Stationary RVing in hurricane zones
Have any of you living fulltime in your Redwood in the hurricane zone though about tying you fifth wheel down to secure it from the wind and possibly being rolled over and destroyed in a gust? Well, after checking with my insurance provider and going over our policy, which included "stationary" coverage, I decided to tie ours down according to HUD's requirement for tying mobile homes down for hurricanes. The main reason for doing so, is due to the recent news that my stage four SCC (cancer) is back in my neck and throat, and has been deemed non-curable by Moffitt Cancer Center, therefore they've only given me six months to a year left to live before the cancer ends my life. Not knowing how quickly my health will decline, I'm not sure that I'll have the ability at the time to break the RV down and pull it out of harm's way if a hurricane approaches our area of central Florida where we reside year round at the state trailhead and campground we manage for Florida. My wife is going to have her hands full when I get sicker (I currently care for all my health needs, etc. and still hold a full time job with the state) just trying to manage this place on her own, care for me, and then have to worry about relocating our Redwood temporarily and then set it back up under our RV cover alone.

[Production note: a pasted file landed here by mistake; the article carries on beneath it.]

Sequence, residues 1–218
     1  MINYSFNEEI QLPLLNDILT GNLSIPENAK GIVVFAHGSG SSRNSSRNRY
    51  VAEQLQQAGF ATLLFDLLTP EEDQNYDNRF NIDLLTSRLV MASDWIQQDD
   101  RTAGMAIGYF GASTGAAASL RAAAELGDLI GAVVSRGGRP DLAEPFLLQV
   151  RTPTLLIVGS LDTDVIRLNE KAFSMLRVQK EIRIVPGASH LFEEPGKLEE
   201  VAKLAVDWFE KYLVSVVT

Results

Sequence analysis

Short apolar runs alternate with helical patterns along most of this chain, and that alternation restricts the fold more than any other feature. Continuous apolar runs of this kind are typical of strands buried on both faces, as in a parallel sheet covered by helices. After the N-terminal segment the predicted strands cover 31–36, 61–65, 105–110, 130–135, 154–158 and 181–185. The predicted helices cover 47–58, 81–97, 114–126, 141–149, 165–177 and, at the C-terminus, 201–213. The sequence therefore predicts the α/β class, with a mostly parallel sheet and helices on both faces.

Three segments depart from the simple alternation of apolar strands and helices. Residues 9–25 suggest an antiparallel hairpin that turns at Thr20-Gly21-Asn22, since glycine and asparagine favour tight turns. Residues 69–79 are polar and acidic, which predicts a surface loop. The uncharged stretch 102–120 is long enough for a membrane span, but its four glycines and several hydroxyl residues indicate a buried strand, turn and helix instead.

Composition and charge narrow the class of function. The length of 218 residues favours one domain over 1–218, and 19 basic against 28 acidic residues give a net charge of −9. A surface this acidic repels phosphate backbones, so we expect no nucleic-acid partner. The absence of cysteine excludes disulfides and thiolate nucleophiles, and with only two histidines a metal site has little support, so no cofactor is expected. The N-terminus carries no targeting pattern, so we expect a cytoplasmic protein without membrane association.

So, I designed this easy to install tie down system that is HUD compliant using materials and components that all meet or exceed HUD's minimum working load limit of 3150 lbs WLL. I installed 36" long drive in mobile home anchors in 250 lbs (each) of poured concrete. Then I installed four Tie Down Engineering frame clamps (used for longitudinal bracing and chain tie down securement of mobile home frames) at key points along the bottom flange of the RV frame's I-beams. In addition to heavy grade eye bolts through unused holes in the mounting brackets for both the front and rear hydraulic landing gear on the RV. I then used 5/16" Grade 70 cargo chain(s) to secure the frame of the fifth wheel to the ground anchors. I used heavy duty double clevises to attach the chains to the eye bolts and heavy duty turnbuckles to attach the other end of the chains to the frame clamps, after running them through a heavy duty ring attached to the ground anchors with grade eight 1/2" carriage bolts. The positioning of the anchors in relation to the connection points on the RV provide downward pull to prevent a roll over, an outward angle pull to prevent the RV from being blown sideways, and a forward and back pull to prevent the RV from being pushed forwards or backwards. Very much similar to that of a mobile home's securement to the ground.
Since the RV carport (provided by the state at our host site) is supposedly rated for up to 150 mph winds, I'm counting (hoping) on it staying up in a category 1-2 hurricane. As long as no flying debris hits the front, sides, or rear of our RV I believe it should be able to ride out these category storms with the slide-outs closed up and us (or my wife after I'm gone) safely tucked away in town at her son and daughter in law's concrete block home. Wish us luck in what I believe is a good solid design that cost a total of just shy of $300.00 to complete, with me doing all of the labor.
2013 Redwood 36FB
2001 Volvo VNL420 HDT Custom RV Toter
450 Horsepower Cummins ISX
Eaton Fuller Super 10-speed Transmission
ET Senior Fifthwheel Hitch,articulating air ride pin box
Resident Lead Host @ Ross Prairie Trailhead & Campground